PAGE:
Welcome to the Gallery

Imagine is set in the Suffolk village of Long Melford.
This is an attempt to record the daily trials, tribulation and pleasure of running an art gallery.

Thursday, 2 April 2015

The longer you leave it the harder it gets.
I suppose it counts for everything in life, it certainly does for my 'blogs'.
Each and every day I think to myself "I must write about something", not for you but for myself.
I don't pretend that people are waiting on my every word so when I do write it is for "me.
Irene would tell me "that sounds about right".
My mind is like a "junk box" and every now and then it needs a good clear out.
Writing does that, then it enables me to move on a little bit.
At least I think it does.
People "blog" for different reasons and sometimes its hard to understand why.
My current favourite blogger "Tony Clenell" has started to write to his own ceramics,
as a result his posts have become much more personal and more enjoyable, of course he is mad
but in the very best way.
It is because of his daily "posts" that I decided I had better write a few words.

But what should I write about ?
So many events have occurred and so many different artworks have arrived at the gallery, I wasn't sure what to choose as a subject.
We certainly have a lot of events coming up in the near future, so what should I choose as a topic?
I am not sure so every day I have left it for tomorrow.
I do that with most problems but I have found that it catches up with you in time.

So while I have been pondering upon such important desicions
Other things, and other art and events have proceeded as normal.
Which has made me understand that these are the important things and that I should make mention of them because they are the foundations of the gallery.
Nothing to do with exhibitions. just nice artists who we deal with every day.

I don't remember exactly when, but a few months back I had an email from an artist.
What made this letter different was I couldn't understand a word, it was in 'Italian'.
I appreciate that this will confound a few of you, those who are aware of my vast linguistic skills.
After all last week I was speaking with a customer in "Geordie",
that just shows how good I am with a foreign language.

So receiving the letter in Italian I called upon my good friend "google"
and discovered that this was a famous Sicilian artist.
Famous yet so very modest.

I am so pleased that 'Google' were able to translate for me as I had received such a lovely letter from a really nice and incredibly talented artist.

Tino Luciano

I have no idea how he found us but I am so happy that he had.
As a result [I did reply in Italian] of our correspondence he sent me two of his beautiful paintings
Both placed in antique frames.
I couldn't help but wonder what I had ever done to be so very fortunate.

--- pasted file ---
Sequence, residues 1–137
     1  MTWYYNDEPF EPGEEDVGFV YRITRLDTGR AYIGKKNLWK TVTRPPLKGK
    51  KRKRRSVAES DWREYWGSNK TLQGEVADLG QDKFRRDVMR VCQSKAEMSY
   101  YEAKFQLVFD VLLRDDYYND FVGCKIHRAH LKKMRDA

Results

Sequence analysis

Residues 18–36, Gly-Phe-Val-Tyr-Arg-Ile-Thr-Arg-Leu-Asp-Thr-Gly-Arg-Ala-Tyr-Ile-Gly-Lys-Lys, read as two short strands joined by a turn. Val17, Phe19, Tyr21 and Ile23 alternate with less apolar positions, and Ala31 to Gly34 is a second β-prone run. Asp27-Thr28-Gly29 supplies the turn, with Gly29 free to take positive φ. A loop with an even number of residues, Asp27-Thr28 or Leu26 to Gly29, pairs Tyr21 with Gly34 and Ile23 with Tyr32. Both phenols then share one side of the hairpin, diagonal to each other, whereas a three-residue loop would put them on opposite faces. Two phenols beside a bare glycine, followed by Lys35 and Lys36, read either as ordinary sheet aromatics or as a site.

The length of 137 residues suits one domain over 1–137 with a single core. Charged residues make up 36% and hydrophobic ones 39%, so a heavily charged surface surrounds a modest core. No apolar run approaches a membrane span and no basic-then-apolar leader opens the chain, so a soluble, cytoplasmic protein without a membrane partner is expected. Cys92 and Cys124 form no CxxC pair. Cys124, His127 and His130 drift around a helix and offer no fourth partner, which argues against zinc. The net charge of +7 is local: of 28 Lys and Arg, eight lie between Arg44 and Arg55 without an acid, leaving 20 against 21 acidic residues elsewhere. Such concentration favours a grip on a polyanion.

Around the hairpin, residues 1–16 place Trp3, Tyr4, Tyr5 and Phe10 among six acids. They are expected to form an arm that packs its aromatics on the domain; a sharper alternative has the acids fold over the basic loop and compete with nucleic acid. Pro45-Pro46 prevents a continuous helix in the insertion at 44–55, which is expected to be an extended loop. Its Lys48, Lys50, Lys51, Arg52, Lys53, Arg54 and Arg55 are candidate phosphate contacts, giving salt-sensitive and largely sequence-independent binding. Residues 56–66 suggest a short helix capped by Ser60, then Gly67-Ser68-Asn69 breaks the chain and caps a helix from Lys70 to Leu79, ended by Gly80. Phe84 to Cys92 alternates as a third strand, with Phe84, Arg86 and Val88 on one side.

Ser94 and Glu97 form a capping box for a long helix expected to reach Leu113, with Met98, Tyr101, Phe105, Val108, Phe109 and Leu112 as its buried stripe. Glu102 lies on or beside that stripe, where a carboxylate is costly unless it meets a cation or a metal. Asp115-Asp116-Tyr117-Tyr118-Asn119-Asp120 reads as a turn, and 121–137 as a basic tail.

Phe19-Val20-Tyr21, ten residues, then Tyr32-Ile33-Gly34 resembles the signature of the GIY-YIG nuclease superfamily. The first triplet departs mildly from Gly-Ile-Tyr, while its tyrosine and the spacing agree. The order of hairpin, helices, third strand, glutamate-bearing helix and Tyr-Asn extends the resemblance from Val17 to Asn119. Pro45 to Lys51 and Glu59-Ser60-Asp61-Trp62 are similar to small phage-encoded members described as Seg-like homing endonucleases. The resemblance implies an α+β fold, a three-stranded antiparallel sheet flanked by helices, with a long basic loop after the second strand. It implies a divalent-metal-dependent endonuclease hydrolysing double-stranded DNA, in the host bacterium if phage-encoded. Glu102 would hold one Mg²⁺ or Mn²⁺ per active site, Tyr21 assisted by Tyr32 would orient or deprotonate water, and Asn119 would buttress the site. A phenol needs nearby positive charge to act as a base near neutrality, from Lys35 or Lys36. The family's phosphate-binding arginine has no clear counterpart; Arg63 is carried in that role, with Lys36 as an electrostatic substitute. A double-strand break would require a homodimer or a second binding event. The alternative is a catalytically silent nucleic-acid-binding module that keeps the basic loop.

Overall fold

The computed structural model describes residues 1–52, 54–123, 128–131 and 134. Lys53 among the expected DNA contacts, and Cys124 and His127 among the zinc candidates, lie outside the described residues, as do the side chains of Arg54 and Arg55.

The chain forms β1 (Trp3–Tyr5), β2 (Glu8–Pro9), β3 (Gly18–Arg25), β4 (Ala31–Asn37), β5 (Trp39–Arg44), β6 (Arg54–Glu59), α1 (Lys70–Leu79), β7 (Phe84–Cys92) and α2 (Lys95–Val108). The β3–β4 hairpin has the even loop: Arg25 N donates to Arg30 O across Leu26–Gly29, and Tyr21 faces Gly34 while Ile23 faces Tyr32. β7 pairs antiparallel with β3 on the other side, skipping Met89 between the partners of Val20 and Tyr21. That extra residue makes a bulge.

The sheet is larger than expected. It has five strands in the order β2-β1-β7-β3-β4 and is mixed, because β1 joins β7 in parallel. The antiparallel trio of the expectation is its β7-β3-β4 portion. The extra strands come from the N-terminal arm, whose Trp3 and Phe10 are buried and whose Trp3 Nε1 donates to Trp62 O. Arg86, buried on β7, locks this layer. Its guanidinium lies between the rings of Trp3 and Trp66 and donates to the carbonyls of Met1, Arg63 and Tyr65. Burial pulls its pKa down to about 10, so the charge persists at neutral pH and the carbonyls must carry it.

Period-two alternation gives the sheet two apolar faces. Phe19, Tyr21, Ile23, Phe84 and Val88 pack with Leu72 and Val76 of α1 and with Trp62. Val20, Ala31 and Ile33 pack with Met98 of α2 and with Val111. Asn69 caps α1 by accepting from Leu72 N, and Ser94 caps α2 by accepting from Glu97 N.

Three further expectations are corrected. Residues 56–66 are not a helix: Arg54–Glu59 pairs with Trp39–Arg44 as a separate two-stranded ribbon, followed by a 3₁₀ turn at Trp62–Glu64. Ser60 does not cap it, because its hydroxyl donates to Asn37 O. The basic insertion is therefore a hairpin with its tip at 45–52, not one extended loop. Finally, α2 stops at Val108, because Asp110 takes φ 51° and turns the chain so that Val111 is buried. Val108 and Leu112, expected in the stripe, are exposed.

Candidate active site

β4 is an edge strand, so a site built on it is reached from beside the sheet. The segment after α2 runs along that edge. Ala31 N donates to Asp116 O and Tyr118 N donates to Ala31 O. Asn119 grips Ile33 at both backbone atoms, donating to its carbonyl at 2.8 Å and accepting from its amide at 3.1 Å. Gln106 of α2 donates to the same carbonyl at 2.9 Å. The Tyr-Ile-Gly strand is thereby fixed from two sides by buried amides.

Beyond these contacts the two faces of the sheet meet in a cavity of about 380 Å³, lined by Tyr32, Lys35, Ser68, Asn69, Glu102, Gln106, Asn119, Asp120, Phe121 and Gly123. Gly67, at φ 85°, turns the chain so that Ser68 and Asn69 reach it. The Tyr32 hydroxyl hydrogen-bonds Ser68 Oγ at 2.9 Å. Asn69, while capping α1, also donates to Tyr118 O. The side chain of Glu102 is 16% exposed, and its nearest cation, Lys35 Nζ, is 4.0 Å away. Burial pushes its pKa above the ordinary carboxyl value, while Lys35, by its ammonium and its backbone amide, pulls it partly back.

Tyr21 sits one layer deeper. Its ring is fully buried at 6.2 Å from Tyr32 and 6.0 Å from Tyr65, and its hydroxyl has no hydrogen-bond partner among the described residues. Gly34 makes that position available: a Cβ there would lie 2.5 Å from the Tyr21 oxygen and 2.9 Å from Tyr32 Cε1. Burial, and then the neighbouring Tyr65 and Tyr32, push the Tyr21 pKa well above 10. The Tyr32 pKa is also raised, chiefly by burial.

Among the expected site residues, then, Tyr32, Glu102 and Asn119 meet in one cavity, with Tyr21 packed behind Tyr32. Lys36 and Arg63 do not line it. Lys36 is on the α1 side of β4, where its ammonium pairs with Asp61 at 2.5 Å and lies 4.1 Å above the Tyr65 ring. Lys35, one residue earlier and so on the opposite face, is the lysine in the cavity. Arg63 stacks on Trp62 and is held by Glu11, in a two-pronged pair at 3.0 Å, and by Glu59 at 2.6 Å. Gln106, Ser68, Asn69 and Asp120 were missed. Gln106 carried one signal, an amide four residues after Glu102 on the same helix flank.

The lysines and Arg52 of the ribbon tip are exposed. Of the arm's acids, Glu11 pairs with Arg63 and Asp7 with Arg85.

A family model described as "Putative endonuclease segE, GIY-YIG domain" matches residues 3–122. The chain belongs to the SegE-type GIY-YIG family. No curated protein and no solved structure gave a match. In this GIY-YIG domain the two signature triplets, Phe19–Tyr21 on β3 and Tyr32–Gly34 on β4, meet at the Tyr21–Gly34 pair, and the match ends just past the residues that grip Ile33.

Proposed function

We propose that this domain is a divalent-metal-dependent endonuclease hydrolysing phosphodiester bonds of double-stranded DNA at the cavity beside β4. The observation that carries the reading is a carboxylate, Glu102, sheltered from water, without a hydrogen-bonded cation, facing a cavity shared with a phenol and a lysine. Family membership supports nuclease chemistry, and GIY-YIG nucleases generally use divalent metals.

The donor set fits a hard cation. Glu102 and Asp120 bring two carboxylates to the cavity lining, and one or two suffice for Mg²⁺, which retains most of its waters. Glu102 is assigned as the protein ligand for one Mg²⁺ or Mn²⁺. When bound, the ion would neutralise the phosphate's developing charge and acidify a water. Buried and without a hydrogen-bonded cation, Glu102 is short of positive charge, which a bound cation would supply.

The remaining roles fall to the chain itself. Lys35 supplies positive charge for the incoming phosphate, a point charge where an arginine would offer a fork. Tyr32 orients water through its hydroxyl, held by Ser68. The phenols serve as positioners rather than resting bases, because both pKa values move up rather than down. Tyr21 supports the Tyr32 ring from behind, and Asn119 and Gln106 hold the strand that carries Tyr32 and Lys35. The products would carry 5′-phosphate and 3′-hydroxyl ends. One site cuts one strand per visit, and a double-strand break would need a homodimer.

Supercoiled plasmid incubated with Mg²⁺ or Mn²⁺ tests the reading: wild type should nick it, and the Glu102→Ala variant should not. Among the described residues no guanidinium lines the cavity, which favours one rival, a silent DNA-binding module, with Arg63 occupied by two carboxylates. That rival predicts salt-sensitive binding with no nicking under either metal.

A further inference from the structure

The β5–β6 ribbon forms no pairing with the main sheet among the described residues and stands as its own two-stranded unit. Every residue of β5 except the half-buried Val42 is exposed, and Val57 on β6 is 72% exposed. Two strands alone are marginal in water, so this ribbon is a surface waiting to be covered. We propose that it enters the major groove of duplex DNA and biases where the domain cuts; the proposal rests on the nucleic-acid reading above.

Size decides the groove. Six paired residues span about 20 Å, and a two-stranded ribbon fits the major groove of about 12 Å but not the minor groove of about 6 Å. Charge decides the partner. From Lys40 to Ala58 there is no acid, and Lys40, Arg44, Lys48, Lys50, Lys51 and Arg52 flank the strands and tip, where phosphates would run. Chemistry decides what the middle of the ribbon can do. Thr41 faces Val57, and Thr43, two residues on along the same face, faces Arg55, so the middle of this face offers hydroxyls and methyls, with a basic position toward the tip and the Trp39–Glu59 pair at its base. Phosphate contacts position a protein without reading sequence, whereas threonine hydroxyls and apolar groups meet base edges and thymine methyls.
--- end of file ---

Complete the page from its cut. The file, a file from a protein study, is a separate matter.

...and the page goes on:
Then just a few days ago he wrote again.
Of course I couldn't understand a word, but with a little help again from my friends at google
[but they don't know Geordie]
I understood that he was preparing to send me some new paintings.

I felt very humble and just don't know how I have become so lucky, I don't want to question why
I am just so proud that he would decide upon us to be his gallery in England.

What was even nicer isthe way he signed off his letter
Saluti affettuosi, a presto
"much love, see you soon"

What English person would be so honest plain and simple?
I can't wait to greet him with a kiss.

So, if you want to see some stunning art from Sicily give me a call, you won't find it elsewhere,
not in my country.


  1. it is good to read your blog..again...

    1. Thank you Anne.
      I'm glad I'm back again

  2. such a delicate sensibility l

    1. Thanks Mo.
      I just knew if only one person in the world read the blog it would be you.

      Anne Bachelier sent me an email earlier today that was really interesting. It was about how she formed a relationship with a gallery because she went inside because of a painting by Tino which was in the window.
      It was a good story, but then she does tell good stories. Just a shame they are all in bloody French, which is not a problem for a multi lingual person like myself but I understand that it can give other people problems.

      To learn "Australian" is next on my list [could be a tough one].

      Hope things are well with you, if you ever get a chance then write and tell me what is happening.

      Best Wishes

    2. you'll be right John,speaking 'Strine' is all in the way you hold your mouth (so the flies don't get in) !

  3. "Jeez" that sounds a hard one but Irene tells me I mumble too much so perhaps it might come easy.

    I can always use sign language, but in England sticking up two fingers usually invites some to hit you.